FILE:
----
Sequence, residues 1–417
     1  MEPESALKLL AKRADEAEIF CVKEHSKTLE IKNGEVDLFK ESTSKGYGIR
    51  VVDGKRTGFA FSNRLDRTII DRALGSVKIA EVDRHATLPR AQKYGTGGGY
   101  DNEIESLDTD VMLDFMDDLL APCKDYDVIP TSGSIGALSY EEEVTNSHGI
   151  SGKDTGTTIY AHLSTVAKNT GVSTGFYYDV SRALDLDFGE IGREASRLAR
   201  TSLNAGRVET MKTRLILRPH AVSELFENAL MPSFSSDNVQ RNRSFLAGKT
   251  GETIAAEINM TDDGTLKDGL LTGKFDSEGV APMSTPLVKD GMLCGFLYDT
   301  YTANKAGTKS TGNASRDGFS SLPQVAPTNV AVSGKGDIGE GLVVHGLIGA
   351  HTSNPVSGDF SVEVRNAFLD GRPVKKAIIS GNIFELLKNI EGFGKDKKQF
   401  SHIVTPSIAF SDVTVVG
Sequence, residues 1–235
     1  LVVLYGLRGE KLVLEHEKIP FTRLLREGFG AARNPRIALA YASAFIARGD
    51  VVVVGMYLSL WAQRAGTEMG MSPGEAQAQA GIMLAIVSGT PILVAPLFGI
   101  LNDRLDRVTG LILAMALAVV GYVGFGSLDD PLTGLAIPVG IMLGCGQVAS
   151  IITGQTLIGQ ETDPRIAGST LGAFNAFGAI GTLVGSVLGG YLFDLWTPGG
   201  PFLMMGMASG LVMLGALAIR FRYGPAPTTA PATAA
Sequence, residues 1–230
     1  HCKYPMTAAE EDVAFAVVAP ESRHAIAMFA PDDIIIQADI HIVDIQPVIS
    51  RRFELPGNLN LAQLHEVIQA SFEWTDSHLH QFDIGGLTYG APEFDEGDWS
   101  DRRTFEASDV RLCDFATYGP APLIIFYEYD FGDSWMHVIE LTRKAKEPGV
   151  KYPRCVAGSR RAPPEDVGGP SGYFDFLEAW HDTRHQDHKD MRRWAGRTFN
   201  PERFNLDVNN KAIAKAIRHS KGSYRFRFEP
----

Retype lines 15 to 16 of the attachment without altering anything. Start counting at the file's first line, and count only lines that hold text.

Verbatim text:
   151  IITGQTLIGQ ETDPRIAGST LGAFNAFGAI GTLVGSVLGG YLFDLWTPGG
   201  PFLMMGMASG LVMLGALAIR FRYGPAPTTA PATAA